Conversely, Ae. albopictus is now distributed in many countries in Europe and the Mediterranean Basin, with a few sporadic recorded incursions into more temperate regions such as the UK [38]. Several populations of Ae. albopictus are considered the main drivers for outbreaks of dengue and chikungunya fever in Europe [39]; it is also a known secondary vector of Zika virus in Latin America [28]. The species has spread rapidly throughout Europe, being mainly transported by road vehicles, where it can be considered a biting pest together with Ae. japonicus japonicus [40]. In our study, the Italian population of Ae. albopictus from Padua, Northern Italy, was not a competent vector for JEV genotype III, although it is an efficient vector of other arboviruses such as chikungunya virus [41]. Previous reports have suggested that the different origins of the Italian Ae. albopictus populations, which were introduced separately from different tropical and subtropical areas over the past 3 decades [41], could be the basis for differences in their vector competence. It is worth noting that the experimental conditions in this study maintained constant heat and humidity with a 24-h day-night photoperiod, which are standard conditions during vector competence studies [15, 19]. However, these conditions are not representative of natural conditions. Given that previous studies suggest that temperature appears to be a critical factor for both vector competence and vector mortality in this experimental system, we suggest that future studies incorporate variation between minimum and maximum temperature/humidity means to represent what occurs naturally [42]. Infection experiments carried out in Cx. pipiens have shown that a limiting factor at which this species becomes unable to transmit JEV genotype III is temperature, with higher temperatures (25 °C) causing increased mortality in infected mosquitoes compared to mosquitoes held at 20 °C [15]. However, no increased mortality was observed for Ae. albopictus or Cx. quinquefasciatus at 25 °C in the present study, suggesting that under our experimental conditions an elevated temperature and infection with JEV strain SA-14 did not cause additional mosquito mortality. This may be a consequence of the mosquito species and virus strain used as both naturally encounter higher temperatures than our experimental paradigm [3].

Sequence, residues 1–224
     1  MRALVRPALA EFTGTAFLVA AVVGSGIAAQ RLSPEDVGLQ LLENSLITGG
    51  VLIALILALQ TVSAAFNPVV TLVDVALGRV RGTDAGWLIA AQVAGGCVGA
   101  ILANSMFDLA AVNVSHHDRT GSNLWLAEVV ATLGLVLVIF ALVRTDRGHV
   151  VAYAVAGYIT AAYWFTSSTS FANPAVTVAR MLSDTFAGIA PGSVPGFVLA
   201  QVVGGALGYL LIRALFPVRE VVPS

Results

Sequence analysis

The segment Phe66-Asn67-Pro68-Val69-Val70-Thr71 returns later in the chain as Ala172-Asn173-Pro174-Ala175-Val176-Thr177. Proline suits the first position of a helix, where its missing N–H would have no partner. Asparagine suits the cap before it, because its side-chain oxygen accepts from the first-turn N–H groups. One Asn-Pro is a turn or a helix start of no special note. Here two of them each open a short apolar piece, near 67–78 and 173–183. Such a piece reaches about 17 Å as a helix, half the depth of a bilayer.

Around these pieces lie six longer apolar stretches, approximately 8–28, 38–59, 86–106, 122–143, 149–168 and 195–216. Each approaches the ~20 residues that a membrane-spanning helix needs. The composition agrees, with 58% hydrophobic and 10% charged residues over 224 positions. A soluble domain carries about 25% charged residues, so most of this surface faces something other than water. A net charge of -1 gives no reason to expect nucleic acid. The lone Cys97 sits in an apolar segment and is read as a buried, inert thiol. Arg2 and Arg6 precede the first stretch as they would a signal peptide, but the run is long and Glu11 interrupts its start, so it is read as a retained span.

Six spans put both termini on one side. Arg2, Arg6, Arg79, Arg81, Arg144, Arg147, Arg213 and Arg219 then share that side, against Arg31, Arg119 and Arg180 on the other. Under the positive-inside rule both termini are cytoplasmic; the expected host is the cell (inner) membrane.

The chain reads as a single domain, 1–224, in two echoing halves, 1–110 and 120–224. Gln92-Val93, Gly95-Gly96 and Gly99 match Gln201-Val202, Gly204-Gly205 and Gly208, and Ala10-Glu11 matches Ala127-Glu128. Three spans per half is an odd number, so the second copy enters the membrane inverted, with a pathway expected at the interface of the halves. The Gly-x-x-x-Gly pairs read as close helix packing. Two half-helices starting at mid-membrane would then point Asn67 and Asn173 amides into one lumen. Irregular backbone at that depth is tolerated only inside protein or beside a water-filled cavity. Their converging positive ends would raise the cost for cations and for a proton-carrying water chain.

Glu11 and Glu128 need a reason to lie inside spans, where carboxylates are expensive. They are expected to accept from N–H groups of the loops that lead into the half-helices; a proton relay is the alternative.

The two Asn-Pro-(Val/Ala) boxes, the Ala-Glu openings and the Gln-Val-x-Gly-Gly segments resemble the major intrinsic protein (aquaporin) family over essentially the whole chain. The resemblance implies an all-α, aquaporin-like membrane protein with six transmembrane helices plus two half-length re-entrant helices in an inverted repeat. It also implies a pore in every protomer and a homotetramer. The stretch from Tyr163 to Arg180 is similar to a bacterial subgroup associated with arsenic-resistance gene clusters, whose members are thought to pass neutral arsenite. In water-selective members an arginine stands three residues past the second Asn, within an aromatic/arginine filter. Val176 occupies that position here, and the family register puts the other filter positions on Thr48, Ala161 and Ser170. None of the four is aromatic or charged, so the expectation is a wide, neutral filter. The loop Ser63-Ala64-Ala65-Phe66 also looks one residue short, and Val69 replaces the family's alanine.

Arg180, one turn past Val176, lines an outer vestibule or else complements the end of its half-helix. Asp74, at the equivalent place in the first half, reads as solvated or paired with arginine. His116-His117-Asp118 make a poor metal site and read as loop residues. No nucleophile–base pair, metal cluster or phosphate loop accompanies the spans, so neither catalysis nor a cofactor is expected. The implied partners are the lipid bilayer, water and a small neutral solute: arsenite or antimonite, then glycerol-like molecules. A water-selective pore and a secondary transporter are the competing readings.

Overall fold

The labelling of virus antigen in Cx. quinquefasciatus confirmed that at 25 °C, JEV was able to infect the posterior midgut epithelial cells such as ciliated pseudostratified intestinal cells, which corroborates detection of virus in the mosquito body by molecular means. This supports a previous study showing that midgut epithelial cells are a major site of viral replication [15]. In addition, viral antigen was observed in mid-gut and salivary glands by IHC, which demonstrated that at 25 °C and by 14 dpi, the virus was able to overcome the midgut barrier and to infect secondary organs such as the salivary glands. Previous studies found that JEV present in the midgut appeared viable by the recovery of live virus in vitro from homogenised mosquito bodies [15]. However, it was unclear whether the restriction of JEV to the midgut was a result of active anti-viral control by the mosquitoes or the lower experimental temperature restricting virus replication. The authors suggested that an increase in temperature, or an increase in the duration of the experiment, could potentially trigger further virus replication and escape from the midgut; our results suggest that temperature may be a contributing factor to full viral dissemination.